## Make it translucid! (Part Three)

Finally the third and final part of this tutorial.

In the first one we focused on the TSM creation, then in the second one we saw the translucency’s multiple scattering contribution. In this final part, we are going to see how to filter the TSM.

The main idea with TSM is that the more the object is “thick”, consequently the less the light will be able to pass through it. Another important idea with TSM is that since light (once penetrated the material) scatters in pseudo-random direction, can leave the object from a point that do not coincides with the point from where the light entered.

In order to simulate the first behaviour, one can simply read the Z coordinate from one vertex in light space (we can call it ) and then compare with the Z from another point (taken by the camera, but then projected in light space – called ). Obviously, have to be on the same line that ideally connects the light source with : this means .XY must be equal to .XY. Then, the only difference between those two points will lie in the Z value: by arbitrarily choosing and projecting it in light space, is simply taken by reading the content of the TSM in .XY!

That’s what basically has been discussed in the second part. The thickness is computed and used to modulate light intensity in the Rd function: the latter however does not take into account the scattering: it’s like the light enters one point, then it simply “fly” through the object in a straight line, and finally leaves it exactly in the same direction as when entered the material.

This problem is solved in this final part (thus implementing the second idea of TSM) by simulating pseudo-random scattering through filtering. Filtering an image basically consists in taking the whole image and then apply some sort of algorithm to produce the final result. In this case we need to simulate the scattering: simplifying this behaviour in order to make the algorithm real-time friendly is done by taking into account not only the point where the light enters or leaves, but also its neighbours. The more the neighbour are far from the original point, the less they will contribute to the final result.

One can implement filtering by following any schema, even though I’ve found the one from the Dachsbacher’s 2003 paper being of high quality (and a little heavy on the GPU 😛 ). A graphical representation can be seen in the following image, consisting in a 21-samples schema:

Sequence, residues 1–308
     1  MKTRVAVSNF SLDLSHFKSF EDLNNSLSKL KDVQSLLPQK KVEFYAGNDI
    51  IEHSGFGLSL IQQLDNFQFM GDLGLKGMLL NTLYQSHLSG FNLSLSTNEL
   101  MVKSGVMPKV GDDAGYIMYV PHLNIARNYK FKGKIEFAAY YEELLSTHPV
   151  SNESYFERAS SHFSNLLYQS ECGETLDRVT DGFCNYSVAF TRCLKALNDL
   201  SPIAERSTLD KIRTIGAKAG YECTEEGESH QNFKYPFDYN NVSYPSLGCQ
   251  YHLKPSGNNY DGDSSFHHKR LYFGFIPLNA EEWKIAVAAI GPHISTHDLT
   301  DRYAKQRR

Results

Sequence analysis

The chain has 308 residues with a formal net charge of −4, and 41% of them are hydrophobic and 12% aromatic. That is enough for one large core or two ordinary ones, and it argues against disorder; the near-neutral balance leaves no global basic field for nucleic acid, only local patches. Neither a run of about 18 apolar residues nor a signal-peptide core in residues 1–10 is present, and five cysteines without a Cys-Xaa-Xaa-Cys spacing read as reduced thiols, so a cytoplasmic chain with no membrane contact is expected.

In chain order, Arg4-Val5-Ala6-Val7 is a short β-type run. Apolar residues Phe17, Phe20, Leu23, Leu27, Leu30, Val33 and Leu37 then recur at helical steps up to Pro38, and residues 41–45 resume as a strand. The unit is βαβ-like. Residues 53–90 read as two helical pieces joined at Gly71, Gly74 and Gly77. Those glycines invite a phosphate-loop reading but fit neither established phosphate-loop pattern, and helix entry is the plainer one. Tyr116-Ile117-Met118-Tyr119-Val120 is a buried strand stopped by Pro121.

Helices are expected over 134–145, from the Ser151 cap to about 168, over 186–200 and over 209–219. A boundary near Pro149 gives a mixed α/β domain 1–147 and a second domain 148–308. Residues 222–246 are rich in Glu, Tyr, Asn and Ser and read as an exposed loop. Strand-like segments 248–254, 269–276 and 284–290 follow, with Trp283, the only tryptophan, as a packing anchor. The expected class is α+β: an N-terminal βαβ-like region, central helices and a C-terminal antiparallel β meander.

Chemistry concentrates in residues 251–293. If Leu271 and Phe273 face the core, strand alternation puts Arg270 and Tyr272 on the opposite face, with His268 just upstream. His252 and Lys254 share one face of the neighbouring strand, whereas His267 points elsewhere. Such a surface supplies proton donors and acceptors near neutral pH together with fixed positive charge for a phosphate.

The code used to implement the filtering is just too long to be posted here, so I decided to post the most important parts of it.

Filtering the TSM

vec4 filter21 (vec4 Xout)

{

const float d = 1.0/1024.0;

vec4 finalColor = vec4(0.0,0.0,0.0,0.0);

vec4 Xin;

//

float v0 = tsm_smoothness*1.0;

float v1 = tsm_smoothness*2.0;

float v2 = tsm_smoothness*3.0;

float k0 = 0.05556; // 1.0/18.0

float k1 = 0.04167; // 1.0/24.0

float k2 = 0.04167; // 1.0/24.0

//

Xin = Xout;

finalColor = multipleScattering(Xin,Xout, v0)*k0;

Xin.y = Xout.y + d;

Xin.x = Xout.x;

finalColor += multipleScattering(Xin,Xout, v0)*k0;

Xin.y = Xout.y + d + d;

Xin.x = Xout.x;

//

[…]

//

Xin.y = Xout.y + 1.5*d;

Xin.x = Xout.x – 1.5*d;

finalColor += multipleScattering(Xin,Xout, v1)*k1;

Xin.y = Xout.y + 1.5*d;

Xin.x = Xout.x + 1.5*d;

finalColor += multipleScattering(Xin,Xout, v1)*k1;

//

[…]

//

Xin.y = Xout.y + 5.0*d;

Xin.x = Xout.x;

finalColor += multipleScattering(Xin,Xout, v2)*k2;

Xin.y = Xout.y;

Xin.x = Xout.x + 5.0*d;

finalColor += multipleScattering(Xin,Xout, v2)*k2;

Xin.y = Xout.y – 5.0*d;

Xin.x = Xout.x;

finalColor += multipleScattering(Xin,Xout, v2)*k2;

Xin.y = Xout.y;

Xin.x = Xout.x – 5.0*d;

finalColor += multipleScattering(Xin,Xout, v2)*k2;

//

return finalColor*tsmGainFactor;

}

A little bit of gain is added to the final color in order to increase the TSM contribution in the final rendering.

The whole TSM stuff is then simply called in the main function of your GLSL code through filter21(..) . In order to correctly apply the translucency, the TSM’s result color must be added up to the base color. You can further increase the final look by taking into account the clamped-to-zero N dot L product, thus simulating dark zones not directly lit by the light source; or even ambient reflections on the main model..

Thank you for reading my very first tutorial. I know there are some unclear parts: some were not written by purpose, in order to give you greater flexibility. Lastly, excuse me if there are some grammar errors, but I’m Italian and I do not write long posts in English from long time…

Bye!